Throughout most of the play and well into her cancer treatment, Vivian tries her best to be all business and never slip into sentimentality or weakness. This defense mechanism has clearly served her well all her life. Despite having no family or friends to speak of, she feels entirely fulfilled by her profession and her own self-sufficiency and intelligence. Further, the focus of her study—the sonnets of John Donne—centers around wit and intellectual puzzles more than the emotional aspect of poetry. And even as her treatment leaves her body in shambles and no friends or family come to visit her in the hospital, Vivian takes a rational, cut-and-dry approach to her diagnosis. “I know for a fact that I’m tough. A demanding professor. Uncompromising. Never one to turn from a challenge.”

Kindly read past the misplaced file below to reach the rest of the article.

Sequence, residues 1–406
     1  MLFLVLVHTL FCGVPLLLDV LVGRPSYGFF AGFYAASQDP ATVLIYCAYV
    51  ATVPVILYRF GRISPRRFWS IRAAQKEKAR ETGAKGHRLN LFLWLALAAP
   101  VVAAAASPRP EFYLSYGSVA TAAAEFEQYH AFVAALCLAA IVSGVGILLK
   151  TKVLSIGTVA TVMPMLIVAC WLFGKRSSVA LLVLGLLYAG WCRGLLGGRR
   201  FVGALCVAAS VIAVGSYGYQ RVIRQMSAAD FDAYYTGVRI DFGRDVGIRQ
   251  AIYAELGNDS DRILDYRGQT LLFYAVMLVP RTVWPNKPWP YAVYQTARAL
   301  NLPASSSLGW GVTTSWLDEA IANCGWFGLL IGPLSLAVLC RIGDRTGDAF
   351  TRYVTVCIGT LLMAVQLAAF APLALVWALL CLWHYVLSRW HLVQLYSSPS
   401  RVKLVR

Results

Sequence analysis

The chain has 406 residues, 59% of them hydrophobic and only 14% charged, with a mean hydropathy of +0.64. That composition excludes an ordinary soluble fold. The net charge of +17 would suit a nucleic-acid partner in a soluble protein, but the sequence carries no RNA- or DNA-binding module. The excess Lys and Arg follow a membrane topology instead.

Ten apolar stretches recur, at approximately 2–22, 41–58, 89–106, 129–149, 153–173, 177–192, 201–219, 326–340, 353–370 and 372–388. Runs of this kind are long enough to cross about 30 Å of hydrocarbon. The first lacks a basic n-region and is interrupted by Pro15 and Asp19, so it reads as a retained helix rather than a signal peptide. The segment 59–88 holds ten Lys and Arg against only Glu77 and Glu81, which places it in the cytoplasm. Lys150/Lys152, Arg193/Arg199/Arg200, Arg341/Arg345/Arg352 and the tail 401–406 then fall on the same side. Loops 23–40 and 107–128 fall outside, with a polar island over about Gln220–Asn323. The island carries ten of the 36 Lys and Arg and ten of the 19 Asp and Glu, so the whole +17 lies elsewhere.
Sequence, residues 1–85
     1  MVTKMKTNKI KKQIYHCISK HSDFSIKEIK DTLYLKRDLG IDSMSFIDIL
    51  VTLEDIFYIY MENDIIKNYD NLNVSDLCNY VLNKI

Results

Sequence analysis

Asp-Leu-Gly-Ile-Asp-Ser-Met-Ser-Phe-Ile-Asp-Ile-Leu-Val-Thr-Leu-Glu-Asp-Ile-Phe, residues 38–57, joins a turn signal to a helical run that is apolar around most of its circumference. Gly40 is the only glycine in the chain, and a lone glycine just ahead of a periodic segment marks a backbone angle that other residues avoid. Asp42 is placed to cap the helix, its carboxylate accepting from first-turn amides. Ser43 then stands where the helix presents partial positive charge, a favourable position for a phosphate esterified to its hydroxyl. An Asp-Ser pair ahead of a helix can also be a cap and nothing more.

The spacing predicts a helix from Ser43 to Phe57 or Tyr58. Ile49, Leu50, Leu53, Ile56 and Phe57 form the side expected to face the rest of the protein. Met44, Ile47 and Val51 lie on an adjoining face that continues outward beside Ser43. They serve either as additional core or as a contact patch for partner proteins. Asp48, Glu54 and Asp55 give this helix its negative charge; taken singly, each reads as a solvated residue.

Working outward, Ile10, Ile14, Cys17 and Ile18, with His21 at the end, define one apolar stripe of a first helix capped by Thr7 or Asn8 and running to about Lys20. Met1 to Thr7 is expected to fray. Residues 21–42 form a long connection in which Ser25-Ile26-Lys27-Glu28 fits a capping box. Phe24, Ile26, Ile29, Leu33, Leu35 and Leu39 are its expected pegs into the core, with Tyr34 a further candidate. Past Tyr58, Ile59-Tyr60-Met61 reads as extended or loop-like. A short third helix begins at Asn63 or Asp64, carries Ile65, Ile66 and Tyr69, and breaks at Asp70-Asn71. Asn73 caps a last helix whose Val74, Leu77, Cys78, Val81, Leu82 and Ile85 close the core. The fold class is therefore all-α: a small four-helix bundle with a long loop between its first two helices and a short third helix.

Vivian shares this attitude with Jason, the medical fellow who is assigned to her case, and who approaches Vivian as more of a research sample than a human being. At first, Vivian respects this about Jason (as well as about Dr. Kelekian, who oversees her treatment and Jason’s education in a no-nonsense manner). She is fine with—and perhaps even grateful for—the fact that her team of doctors lack a friendly bedside manner. She doesn’t want pity, hugs, and pats on the hand, and she doesn’t want to be patronized. Vivian sees her young self in Jason, especially when he claims that he wants to get his residency, “the part with the human beings,” out of the way so that he can move on to focusing on medical research. She, too, always cared more about her solo research than she did about her relationships, professional and otherwise.